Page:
Repeated cooking and freezing of whole wheat flour increases resistant starch with beneficial impacts on in vitro fecal fermentation properties

Jennifer A. Arcila, Devin J. Rose

Research output: Contribution to journalArticle

10 Citations (Scopus)

Abstract

Resistant starch (RS) has shown benefits to gastrointestinal health, but it is present in only small amounts in most grain-based foods. The purpose of this study was to increase RS in whole wheat flour to improve its potential health benefits. Zero to 7 cycles of cooking (20 min, boiling water) and freezing (-18 °C, 23 h) of whole wheat flour in water (1:15 %w/v) were performed. Increasing cooking-freezing cycles increased RS from 1.03 to 8.07% during in vitro starch digestion. During in vitro fecal fermentation, increasing cooking-freezing cycles increased short chain fatty acids, mainly propionate. Increases in butyrate were also noted during the first 8 h of fermentation. All flours resulted in significant increases in Bifidobacterium of >0.5 log during fermentation compared to baseline. Thus, even modest increases in the RS content of whole wheat flour modulated the metabolic activity of gut microbiota to increase production of beneficial metabolites.

Original languageEnglish (US)
Pages (from-to)230-236
Number of pages7
JournalJournal of Functional Foods
Volume12
DOIs
StatePublished - Jan 1 2015

Fingerprint

whole wheat flour
resistant starch
Cooking
Flour
Starch
Freezing
Triticum
Fermentation
cooking
freezing
fermentation
Bifidobacterium
short chain fatty acids
butyrates
boiling
propionates
intestinal microorganisms
Water
Volatile Fatty Acids
Butyrates

Keywords

  • Butyrate
  • Digestion
  • Gut health
  • Propionate
  • Short chain fatty acids
  • Starch retrogradation

ASJC Scopus subject areas

  • Food Science
  • Medicine (miscellaneous)
  • Nutrition and Dietetics

Cite this

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title = "Repeated cooking and freezing of whole wheat flour increases resistant starch with beneficial impacts on in vitro fecal fermentation properties",
abstract = "Resistant starch (RS) has shown benefits to gastrointestinal health, but it is present in only small amounts in most grain-based foods. The purpose of this study was to increase RS in whole wheat flour to improve its potential health benefits. Zero to 7 cycles of cooking (20 min, boiling water) and freezing (-18 °C, 23 h) of whole wheat flour in water (1:15 {\%}w/v) were performed. Increasing cooking-freezing cycles increased RS from 1.03 to 8.07{\%} during in vitro starch digestion. During in vitro fecal fermentation, increasing cooking-freezing cycles increased short chain fatty acids, mainly propionate. Increases in butyrate were also noted during the first 8 h of fermentation. All flours resulted in significant increases in Bifidobacterium of >0.5 log during fermentation compared to baseline. Thus, even modest increases in the RS content of whole wheat flour modulated the metabolic activity of gut microbiota to increase production of beneficial metabolites.",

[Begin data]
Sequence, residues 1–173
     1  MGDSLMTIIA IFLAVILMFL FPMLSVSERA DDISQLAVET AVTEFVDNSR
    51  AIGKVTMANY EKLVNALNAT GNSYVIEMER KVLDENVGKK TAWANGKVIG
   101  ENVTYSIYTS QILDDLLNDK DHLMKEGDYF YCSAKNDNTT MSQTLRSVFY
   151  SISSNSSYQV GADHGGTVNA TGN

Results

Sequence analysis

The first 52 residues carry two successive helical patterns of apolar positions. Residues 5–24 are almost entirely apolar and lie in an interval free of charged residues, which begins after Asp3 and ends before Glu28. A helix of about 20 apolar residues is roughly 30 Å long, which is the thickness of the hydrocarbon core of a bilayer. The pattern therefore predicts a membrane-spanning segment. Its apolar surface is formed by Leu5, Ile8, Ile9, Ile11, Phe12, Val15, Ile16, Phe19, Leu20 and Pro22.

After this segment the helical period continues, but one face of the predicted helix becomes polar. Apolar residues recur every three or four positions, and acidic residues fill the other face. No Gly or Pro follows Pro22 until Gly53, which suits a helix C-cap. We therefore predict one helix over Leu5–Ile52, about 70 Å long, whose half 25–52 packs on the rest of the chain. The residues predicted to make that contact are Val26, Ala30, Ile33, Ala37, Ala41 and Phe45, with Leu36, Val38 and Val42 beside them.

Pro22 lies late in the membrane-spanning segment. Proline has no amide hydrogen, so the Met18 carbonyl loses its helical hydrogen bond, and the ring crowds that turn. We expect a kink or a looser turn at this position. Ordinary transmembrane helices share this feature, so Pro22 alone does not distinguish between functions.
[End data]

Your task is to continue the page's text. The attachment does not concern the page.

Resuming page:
keywords = "Butyrate, Digestion, Gut health, Propionate, Short chain fatty acids, Starch retrogradation",
author = "Arcila, {Jennifer A.} and Rose, {Devin J.}",
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AU - Arcila, Jennifer A.

AU - Rose, Devin J.

PY - 2015/1/1

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N2 - Resistant starch (RS) has shown benefits to gastrointestinal health, but it is present in only small amounts in most grain-based foods. The purpose of this study was to increase RS in whole wheat flour to improve its potential health benefits. Zero to 7 cycles of cooking (20 min, boiling water) and freezing (-18 °C, 23 h) of whole wheat flour in water (1:15 %w/v) were performed. Increasing cooking-freezing cycles increased RS from 1.03 to 8.07% during in vitro starch digestion. During in vitro fecal fermentation, increasing cooking-freezing cycles increased short chain fatty acids, mainly propionate. Increases in butyrate were also noted during the first 8 h of fermentation. All flours resulted in significant increases in Bifidobacterium of >0.5 log during fermentation compared to baseline. Thus, even modest increases in the RS content of whole wheat flour modulated the metabolic activity of gut microbiota to increase production of beneficial metabolites.

AB - Resistant starch (RS) has shown benefits to gastrointestinal health, but it is present in only small amounts in most grain-based foods. The purpose of this study was to increase RS in whole wheat flour to improve its potential health benefits. Zero to 7 cycles of cooking (20 min, boiling water) and freezing (-18 °C, 23 h) of whole wheat flour in water (1:15 %w/v) were performed. Increasing cooking-freezing cycles increased RS from 1.03 to 8.07% during in vitro starch digestion. During in vitro fecal fermentation, increasing cooking-freezing cycles increased short chain fatty acids, mainly propionate. Increases in butyrate were also noted during the first 8 h of fermentation. All flours resulted in significant increases in Bifidobacterium of >0.5 log during fermentation compared to baseline. Thus, even modest increases in the RS content of whole wheat flour modulated the metabolic activity of gut microbiota to increase production of beneficial metabolites.

KW - Butyrate

KW - Digestion

KW - Gut health

KW - Propionate

KW - Short chain fatty acids

KW - Starch retrogradation

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